Filmmaker. He opened the Venice Film Festival with the film 'Madres Paralelas' ('Parallel Mothers')

Pedro Almodóvar: "I don't understand why 'tortilla' is not on the same level as hamburgers and pizza"

3 min
Pedro Almodóvar in Venice.

VeniceThe day after opening the Venice Film Festival with Madres Paralelas (Parallel Mothers), Pedro Almodóvar (Calzada de Calatrava, 1949) explains to ARA details about the humanist aspect and the sober tone of this melodrama in which he deals with the drama of the relatives of the victims who disappeared during the Civil War.

It is striking that in Madres Paralelas there are no Machiavellian characters. One can sense your interest in understanding them all.

— I think it's the natural result of being 70 years old and having directed 22 and a half films. From Julieta [2016], I notice that I'm telling a different kind of story, more restrained in tone and more focused on the inner pain of the characters. In this sense, I can't imagine a more inner suffering than that of Janis in Madres Paralelas (Penélope Cruz's character), who lives with anguish the task her grandmother has given her to find her great-grandfather, who was killed during the Civil War. Moreover, the character's struggle to conquer a certain collective truth, linked to historical memory, comes into conflict with the absence of truth that germinates in her life when her daughter is born and she begins to have doubts about the baby's identity. With such inner dramas she didn't need evil characters.

Is it the internalisation of drama what has led you to make a sober film?

— Some elements of Madres Paralelas, such as the colouring of the sets and the costumes, are no different from other films of mine. The difference is the story and the direction of the actors. There are certain scenes with Penélope Cruz, Milena Smit and Aitana Sánchez Gijón that could be very tearful, but I tried hard to drain the drama from the performances. I wanted them to be dry, yet very direct. It's fair to say that, for the actresses, it's very hard to have to immerse themselves in the pain of these characters for months. Towards the end of the shoot, I told Penélope not to suffer so much, but she reminded me of my own way of suffering on set, like an energetic person, sometimes getting upset over the smallest details. I think it's a neurotic issue that, fortunately, I managed to reduce in the filming of Dolor y gloria (Pain and Glory) and Madres Paralelas.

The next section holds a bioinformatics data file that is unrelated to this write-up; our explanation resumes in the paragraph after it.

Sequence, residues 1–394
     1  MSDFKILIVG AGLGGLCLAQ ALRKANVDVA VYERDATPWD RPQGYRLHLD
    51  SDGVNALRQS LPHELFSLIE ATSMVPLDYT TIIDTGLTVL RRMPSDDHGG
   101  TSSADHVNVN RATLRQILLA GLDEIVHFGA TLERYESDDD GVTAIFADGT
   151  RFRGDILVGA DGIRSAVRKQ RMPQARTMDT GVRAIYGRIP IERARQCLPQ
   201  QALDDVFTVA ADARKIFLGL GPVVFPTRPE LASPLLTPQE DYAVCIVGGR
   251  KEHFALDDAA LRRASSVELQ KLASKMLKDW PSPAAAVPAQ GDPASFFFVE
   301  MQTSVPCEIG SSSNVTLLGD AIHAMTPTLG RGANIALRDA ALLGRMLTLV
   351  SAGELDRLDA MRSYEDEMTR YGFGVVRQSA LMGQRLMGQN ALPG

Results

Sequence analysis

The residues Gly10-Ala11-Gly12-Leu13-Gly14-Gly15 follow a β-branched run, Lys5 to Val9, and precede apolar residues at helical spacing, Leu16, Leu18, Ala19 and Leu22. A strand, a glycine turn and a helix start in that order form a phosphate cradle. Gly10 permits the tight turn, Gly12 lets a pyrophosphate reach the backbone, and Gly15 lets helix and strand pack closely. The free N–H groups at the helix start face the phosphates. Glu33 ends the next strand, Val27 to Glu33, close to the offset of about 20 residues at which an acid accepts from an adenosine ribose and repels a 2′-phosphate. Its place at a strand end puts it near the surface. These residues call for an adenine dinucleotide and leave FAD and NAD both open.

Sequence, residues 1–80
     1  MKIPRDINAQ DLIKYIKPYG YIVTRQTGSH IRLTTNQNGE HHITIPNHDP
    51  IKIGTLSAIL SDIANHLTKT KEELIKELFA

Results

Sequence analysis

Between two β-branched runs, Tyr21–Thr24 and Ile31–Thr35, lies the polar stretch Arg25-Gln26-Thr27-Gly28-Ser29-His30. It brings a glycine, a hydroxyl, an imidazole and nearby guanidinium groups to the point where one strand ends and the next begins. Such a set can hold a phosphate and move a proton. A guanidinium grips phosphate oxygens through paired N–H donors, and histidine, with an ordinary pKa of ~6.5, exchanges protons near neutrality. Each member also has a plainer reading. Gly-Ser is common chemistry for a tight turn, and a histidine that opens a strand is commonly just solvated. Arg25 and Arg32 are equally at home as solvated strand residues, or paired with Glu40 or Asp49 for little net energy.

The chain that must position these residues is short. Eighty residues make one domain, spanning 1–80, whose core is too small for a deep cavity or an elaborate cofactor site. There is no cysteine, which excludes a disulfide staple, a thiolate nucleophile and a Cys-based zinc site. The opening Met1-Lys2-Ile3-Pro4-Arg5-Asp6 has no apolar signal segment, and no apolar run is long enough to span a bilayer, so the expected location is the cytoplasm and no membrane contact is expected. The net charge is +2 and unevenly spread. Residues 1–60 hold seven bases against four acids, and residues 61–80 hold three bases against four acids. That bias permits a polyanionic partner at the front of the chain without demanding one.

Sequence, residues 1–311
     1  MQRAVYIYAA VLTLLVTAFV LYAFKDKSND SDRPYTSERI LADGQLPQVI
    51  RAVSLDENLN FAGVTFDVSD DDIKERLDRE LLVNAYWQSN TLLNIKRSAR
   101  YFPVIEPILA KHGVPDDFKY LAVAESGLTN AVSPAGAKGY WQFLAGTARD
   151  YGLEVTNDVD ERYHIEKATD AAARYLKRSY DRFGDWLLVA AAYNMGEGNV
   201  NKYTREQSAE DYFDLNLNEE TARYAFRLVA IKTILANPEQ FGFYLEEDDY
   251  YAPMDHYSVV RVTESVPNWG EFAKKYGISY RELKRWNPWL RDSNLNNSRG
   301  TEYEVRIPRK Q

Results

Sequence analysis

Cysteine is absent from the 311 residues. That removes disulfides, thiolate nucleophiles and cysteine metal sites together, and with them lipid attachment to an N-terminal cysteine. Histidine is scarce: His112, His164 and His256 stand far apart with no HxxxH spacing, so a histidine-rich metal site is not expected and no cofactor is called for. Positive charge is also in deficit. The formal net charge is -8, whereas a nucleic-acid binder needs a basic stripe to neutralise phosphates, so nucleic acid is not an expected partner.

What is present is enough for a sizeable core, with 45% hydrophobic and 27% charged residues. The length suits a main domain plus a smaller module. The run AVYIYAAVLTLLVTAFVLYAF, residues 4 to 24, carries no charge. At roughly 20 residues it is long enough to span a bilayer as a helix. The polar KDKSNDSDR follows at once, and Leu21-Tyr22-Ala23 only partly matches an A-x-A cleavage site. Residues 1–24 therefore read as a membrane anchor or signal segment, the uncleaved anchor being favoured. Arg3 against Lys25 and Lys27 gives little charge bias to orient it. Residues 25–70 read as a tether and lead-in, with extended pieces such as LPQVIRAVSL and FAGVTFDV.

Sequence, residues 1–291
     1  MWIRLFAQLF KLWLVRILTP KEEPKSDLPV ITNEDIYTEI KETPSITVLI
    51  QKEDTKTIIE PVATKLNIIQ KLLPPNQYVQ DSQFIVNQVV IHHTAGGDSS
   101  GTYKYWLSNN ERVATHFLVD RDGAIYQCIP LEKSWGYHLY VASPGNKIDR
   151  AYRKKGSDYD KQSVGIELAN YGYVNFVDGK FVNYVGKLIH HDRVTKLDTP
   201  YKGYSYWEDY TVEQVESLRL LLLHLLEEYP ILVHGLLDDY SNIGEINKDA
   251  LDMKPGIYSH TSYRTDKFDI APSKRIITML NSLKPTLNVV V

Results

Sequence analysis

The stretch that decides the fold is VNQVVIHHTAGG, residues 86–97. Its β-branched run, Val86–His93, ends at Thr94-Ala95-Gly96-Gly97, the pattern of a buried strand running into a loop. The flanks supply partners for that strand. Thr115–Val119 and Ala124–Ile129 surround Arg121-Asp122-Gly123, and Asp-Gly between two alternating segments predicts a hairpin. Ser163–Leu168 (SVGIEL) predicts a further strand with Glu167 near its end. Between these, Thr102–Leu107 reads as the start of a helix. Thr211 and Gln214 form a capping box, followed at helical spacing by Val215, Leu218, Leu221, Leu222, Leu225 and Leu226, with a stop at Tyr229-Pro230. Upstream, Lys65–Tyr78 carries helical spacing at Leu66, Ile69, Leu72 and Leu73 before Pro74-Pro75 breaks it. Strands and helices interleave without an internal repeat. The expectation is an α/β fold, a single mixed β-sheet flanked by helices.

Madres Paralelas' drama is in the characters, but also in the Spanish state's failure to deal with the issue of historical memory. Is it your most political film?

— I consider all cinema to be political. My first films were pop works, but they starred women with enormous moral autonomy, whether they were nuns, modern girls or lawyers. There was a strong political component in the portrayal of these women. Later, in Carne trémula [1997], when I had the idea that Liberto Rabal's character should be born on a fateful date, I decided that it should be the night in 1970 when Fraga Iribarne read, on Radio Nacional de España, the conditions of the last state of exception of the Franco era. Now, with Madres Paralelas, I wanted to explore the enormous moral debt that Spanish society owes to the relatives of the victims of the Civil War who are still buried in mass graves. I had wanted to do this for a long time, but hadn't found a way to include it in one of my stories.

So what was different this time?

— When I started writing Madres Paralelas and while we were shooting it, the issue of historical memory wasn't coming up in the media. It seemed like a politically amortised issue. But the reality is that there are thousands and thousands of families who are still looking for their disappeared relatives. Now it is the generation of great-grandchildren that is leading the search. Fortunately, a month ago the law of democratic memory was passed, which I think will put an end to this situation because at last it is the administration that assumes the economic cost of the exhumations. In this sense, the difference with the timid law of historical memory passed by Zapatero in 2007 is abysmal.

To finish, I would like to tell you how much I enjoyed the cooking scenes in Madres Paralelas, especially the one with the tortilla de patatas (potato omelette). Perhaps this is your film with the most people cooking since Qué he hecho yo para merecer esto (1984).

— I'm trying to promote Spanish cuisine internationally! [laughs]. I really don't understand why tortilla de patatas isn't on the same level as hamburgers and pizza. I try to do my bit. In fact, since the success of Mujeres al borde de un ataque de nervios (Women on the Verge of a Nervous Breakdown) [1988], you can order gazpacho in most restaurants in the United States.